The GHG Protocol also provides the following additional scope 3 resources:

Retailers can also use the ENERGY STAR Scope 3 Use of Sold Products Analysis Tool V1.0 (XLSM) to benchmark and project corporate Scope 3 greenhouse gas emissions associated with the use of sold products. This tool, developed jointly with EPA’s Center for Corporate Climate Leadership, allows retailers to quantify emissions associated with current sales of ENERGY STAR products and forecast reductions in emissions based on increases in sales of ENERGY STAR products. With over 70 categories, this tool can help retailers of any size pinpoint the types and quantities of ENERGY STAR products that will bring them closer to meeting or beating their corporate carbon emission goals.

Depending on the source, scope 3 emissions can be quantified using either primary data specific to the activity within a company’s value chain, or by using secondary data such as industry averages, proxy data, or other generic data. Primary data must often be collected directly from suppliers through a questionnaire or similar format.

Scope 3 Emission Factors

EPA currently provides certain scope 3 emission factors. The sections below discuss the currently available emission factors and how to apply scope 1 and 2 factors to calculate scope 3 emissions for certain categories. The categories listed are those defined in the GHG Protocol Scope 3 Standard EXIT.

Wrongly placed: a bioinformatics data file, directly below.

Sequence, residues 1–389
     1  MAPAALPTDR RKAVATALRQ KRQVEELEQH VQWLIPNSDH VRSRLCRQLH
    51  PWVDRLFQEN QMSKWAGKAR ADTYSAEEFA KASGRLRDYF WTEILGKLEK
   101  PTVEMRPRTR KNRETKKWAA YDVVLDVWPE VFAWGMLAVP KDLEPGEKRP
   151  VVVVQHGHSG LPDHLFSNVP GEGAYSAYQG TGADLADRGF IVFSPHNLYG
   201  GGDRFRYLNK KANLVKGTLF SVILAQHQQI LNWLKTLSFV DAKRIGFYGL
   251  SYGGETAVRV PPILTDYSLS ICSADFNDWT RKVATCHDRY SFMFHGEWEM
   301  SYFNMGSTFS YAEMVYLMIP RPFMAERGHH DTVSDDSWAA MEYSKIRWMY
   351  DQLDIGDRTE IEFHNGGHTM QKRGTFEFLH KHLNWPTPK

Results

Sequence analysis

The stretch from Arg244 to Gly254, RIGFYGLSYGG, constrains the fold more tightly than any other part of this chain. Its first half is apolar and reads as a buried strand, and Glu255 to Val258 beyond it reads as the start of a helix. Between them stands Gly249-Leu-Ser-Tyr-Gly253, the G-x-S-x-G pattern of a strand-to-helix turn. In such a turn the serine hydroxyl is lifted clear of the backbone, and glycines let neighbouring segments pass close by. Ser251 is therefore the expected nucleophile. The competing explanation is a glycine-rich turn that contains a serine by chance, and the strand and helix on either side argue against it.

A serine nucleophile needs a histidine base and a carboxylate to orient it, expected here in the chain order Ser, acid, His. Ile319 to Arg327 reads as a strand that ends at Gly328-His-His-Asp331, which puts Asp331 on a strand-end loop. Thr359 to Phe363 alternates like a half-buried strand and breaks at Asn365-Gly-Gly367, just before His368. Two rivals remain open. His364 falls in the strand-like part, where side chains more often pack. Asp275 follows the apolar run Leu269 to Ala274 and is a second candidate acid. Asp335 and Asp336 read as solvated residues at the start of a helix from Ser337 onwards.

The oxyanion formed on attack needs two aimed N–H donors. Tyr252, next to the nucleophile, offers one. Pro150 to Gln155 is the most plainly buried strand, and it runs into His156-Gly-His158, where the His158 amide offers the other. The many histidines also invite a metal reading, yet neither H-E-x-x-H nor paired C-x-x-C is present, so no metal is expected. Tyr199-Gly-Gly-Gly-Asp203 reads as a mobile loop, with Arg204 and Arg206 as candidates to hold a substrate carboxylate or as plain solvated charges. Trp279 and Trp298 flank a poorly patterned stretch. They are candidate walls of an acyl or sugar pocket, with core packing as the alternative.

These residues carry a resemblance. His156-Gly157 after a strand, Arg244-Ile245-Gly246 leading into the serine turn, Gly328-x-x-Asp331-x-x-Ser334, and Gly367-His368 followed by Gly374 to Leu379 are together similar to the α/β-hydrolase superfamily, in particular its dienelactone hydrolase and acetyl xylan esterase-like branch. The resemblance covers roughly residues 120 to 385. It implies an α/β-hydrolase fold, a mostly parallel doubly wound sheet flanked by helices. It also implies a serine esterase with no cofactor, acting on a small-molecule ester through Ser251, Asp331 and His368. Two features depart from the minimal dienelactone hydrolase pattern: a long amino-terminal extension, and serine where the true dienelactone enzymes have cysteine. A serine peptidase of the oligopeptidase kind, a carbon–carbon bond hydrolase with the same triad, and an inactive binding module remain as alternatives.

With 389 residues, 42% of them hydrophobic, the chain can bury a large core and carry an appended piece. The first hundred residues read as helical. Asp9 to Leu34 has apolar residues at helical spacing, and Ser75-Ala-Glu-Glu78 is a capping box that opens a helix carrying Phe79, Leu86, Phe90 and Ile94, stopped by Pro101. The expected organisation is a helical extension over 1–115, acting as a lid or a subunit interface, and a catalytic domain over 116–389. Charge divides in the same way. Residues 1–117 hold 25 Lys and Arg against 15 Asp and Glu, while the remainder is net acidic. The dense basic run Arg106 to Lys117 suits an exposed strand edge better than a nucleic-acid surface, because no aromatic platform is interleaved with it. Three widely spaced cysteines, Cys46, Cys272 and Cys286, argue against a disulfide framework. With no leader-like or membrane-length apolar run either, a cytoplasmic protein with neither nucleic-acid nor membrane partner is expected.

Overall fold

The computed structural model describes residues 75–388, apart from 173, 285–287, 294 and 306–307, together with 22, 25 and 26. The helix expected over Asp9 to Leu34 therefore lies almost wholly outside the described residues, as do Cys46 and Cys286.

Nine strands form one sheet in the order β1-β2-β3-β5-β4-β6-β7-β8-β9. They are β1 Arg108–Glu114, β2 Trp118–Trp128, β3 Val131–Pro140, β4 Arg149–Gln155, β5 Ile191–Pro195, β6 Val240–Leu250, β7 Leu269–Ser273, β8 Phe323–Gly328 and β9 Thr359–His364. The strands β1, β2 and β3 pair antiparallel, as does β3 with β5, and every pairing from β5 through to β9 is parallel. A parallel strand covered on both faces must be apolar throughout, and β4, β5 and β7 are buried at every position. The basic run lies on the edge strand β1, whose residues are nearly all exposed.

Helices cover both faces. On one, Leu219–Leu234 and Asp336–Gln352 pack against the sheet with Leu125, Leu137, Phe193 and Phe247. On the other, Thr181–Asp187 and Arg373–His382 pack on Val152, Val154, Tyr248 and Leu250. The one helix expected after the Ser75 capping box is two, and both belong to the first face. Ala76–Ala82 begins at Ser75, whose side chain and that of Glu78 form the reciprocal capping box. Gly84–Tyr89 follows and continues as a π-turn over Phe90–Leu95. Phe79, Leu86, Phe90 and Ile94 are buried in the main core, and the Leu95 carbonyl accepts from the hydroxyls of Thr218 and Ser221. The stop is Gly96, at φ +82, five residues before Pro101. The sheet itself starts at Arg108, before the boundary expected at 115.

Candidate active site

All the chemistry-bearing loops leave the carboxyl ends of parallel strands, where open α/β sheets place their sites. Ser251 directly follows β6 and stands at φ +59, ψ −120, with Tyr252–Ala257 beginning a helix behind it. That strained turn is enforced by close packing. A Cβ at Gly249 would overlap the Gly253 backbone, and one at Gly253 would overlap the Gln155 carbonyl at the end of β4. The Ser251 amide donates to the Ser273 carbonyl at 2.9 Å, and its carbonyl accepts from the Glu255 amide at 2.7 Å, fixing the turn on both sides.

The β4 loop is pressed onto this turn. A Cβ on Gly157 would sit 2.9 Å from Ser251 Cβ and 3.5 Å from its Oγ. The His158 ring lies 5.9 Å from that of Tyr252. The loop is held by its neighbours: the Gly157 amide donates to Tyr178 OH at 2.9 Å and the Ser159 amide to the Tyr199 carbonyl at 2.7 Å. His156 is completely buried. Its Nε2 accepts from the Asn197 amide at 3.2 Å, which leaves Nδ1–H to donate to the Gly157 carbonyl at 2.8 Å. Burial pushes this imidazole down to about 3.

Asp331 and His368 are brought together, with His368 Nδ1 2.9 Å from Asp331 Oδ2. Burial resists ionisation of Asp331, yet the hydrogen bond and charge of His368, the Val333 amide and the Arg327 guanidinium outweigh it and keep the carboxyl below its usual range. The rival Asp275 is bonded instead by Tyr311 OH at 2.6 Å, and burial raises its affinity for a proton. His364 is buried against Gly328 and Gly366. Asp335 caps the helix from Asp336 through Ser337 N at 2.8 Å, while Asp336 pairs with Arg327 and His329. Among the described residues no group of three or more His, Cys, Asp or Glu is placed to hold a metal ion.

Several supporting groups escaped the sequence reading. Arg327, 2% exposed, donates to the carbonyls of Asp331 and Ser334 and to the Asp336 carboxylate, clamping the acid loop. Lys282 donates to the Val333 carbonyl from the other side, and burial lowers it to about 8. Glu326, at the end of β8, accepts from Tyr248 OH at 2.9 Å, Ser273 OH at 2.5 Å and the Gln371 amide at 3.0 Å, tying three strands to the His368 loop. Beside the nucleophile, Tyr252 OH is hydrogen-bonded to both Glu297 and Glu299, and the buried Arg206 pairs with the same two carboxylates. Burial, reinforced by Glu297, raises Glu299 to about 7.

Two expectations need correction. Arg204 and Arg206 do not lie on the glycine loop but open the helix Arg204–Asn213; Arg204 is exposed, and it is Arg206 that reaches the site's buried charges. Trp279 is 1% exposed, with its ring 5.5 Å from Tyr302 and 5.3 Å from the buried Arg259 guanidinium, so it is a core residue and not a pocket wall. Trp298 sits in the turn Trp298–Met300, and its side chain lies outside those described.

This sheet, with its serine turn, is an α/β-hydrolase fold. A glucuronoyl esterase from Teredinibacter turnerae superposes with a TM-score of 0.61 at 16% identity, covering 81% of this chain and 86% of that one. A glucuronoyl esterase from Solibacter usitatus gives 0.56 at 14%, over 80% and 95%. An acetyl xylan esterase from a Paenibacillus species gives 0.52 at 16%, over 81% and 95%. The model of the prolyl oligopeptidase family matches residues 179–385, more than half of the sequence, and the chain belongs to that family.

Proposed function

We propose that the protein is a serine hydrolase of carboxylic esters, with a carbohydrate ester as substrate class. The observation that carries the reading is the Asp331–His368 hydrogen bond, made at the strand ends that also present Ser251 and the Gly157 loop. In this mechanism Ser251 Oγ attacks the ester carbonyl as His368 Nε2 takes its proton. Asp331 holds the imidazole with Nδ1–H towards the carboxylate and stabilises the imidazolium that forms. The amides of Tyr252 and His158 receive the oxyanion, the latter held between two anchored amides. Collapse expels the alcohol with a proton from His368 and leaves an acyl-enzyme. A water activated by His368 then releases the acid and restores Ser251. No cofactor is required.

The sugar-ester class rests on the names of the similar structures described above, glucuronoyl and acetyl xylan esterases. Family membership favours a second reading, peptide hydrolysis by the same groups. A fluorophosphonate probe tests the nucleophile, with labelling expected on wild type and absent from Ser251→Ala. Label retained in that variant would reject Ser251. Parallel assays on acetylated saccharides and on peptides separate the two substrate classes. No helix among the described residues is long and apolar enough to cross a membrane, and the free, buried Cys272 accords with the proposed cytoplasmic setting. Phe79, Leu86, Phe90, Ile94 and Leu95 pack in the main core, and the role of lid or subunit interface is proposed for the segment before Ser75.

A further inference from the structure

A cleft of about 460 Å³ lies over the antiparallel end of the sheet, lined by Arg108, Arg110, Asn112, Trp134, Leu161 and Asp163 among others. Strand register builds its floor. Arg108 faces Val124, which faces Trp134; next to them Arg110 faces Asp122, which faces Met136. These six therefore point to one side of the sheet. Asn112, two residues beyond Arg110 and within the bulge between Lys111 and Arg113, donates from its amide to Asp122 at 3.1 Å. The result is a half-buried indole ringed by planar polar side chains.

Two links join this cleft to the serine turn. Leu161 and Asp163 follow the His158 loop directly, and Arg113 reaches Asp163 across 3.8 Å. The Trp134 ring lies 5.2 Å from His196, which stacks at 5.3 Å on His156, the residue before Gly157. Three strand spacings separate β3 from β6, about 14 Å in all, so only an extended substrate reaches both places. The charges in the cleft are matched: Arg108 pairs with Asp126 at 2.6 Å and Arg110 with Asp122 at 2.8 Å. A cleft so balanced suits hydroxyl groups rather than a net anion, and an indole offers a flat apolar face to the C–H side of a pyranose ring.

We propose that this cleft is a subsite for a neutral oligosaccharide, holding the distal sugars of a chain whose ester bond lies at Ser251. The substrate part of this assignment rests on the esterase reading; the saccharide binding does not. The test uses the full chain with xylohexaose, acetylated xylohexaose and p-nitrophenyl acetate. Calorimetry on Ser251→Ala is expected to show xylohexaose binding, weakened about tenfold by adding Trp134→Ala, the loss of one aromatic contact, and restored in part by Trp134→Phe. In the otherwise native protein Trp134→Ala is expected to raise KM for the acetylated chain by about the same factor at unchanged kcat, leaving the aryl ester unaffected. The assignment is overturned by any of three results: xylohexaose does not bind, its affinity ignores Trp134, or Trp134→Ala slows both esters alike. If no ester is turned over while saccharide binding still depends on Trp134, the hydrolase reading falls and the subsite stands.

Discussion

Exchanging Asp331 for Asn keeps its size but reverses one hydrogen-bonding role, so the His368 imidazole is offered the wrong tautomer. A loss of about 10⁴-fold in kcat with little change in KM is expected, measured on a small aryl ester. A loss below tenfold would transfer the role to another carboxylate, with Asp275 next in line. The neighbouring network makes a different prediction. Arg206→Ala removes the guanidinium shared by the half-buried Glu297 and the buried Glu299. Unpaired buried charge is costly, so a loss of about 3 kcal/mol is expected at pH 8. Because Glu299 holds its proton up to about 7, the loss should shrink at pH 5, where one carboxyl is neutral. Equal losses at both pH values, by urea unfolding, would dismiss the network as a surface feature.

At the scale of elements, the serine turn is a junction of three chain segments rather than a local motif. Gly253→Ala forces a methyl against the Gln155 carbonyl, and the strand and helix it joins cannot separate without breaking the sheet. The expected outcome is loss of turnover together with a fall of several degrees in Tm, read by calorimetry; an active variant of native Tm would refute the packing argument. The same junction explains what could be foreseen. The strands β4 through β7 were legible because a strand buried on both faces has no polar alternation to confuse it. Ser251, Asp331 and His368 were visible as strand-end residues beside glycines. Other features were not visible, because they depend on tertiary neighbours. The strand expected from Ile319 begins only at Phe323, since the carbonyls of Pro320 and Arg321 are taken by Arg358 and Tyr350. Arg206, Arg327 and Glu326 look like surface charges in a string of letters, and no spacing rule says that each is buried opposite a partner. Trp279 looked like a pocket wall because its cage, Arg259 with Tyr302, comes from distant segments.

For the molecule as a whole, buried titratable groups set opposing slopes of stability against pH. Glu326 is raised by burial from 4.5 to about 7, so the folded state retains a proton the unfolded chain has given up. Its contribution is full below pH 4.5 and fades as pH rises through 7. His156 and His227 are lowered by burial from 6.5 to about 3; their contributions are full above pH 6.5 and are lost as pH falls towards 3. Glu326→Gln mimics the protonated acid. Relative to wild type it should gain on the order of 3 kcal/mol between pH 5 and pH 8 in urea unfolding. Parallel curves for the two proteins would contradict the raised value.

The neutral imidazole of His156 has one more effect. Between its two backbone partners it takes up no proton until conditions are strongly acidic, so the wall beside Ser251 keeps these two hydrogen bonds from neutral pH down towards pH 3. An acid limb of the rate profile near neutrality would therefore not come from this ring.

Emission Factors Currently Available

The GHG Emission Factors Hub currently contains factors applicable to five scope 3 categories. Below is a list of emission sources and the location of the factors in the GHG Emission Factors Hub.​

  • Upstream Transportation and Distribution (Category 4): Table 8
  • Downstream Transportation and Distribution (Category 9): Table 8 1
  • Waste Generated in Operations (Category 5): Table 9
  • End-of-life treatment of sold products (Category 12): Table 9
  • Business Travel (Category 6): Table 10
  • Employee Commuting (Category 7): Table 10 2

Emission Source Categories Using Scope 1 and 2 Emission Factors

Some scope 3 categories do not require specific emission factors, because the emissions-generating activities have associated scope 1 and scope 2 factors already available in the GHG Emission Factors Hub. These sources include:

  • Upstream leased assets (Category 8)
  • Processing of sold products (Category 10)
  • Use of sold products (Category 11)
  • Downstream leased assets (Category 13)
  • Franchises (Category 14)
  • Investments (Category 15)

An organization may first define the GHG generating activity for each relevant source category, and then apply the appropriate factors for stationary combustion, mobile combustion, fugitive emissions, electricity, heat or steam from the GHG Emission Factors Hub.

For example, assume your organization produces electronic equipment. The downstream use of sold products (Category 11) may likely be a large source of emissions. In order to calculate emissions, estimate the lifetime electricity consumption (kWh) for all products sold in the reporting year. Then calculate emissions the same as for scope 2 electricity, using eGRID emission factors. Depending on the data available for the location of product use, eGRID subregion or U.S. national average factors would be applied.


1 These factors are applicable to all transportation; upstream or downstream, product-related or not.
2 These factors are applicable to employee commuting as well as business travel.


View source for Scope 1 and Scope 2

View source for Scope 3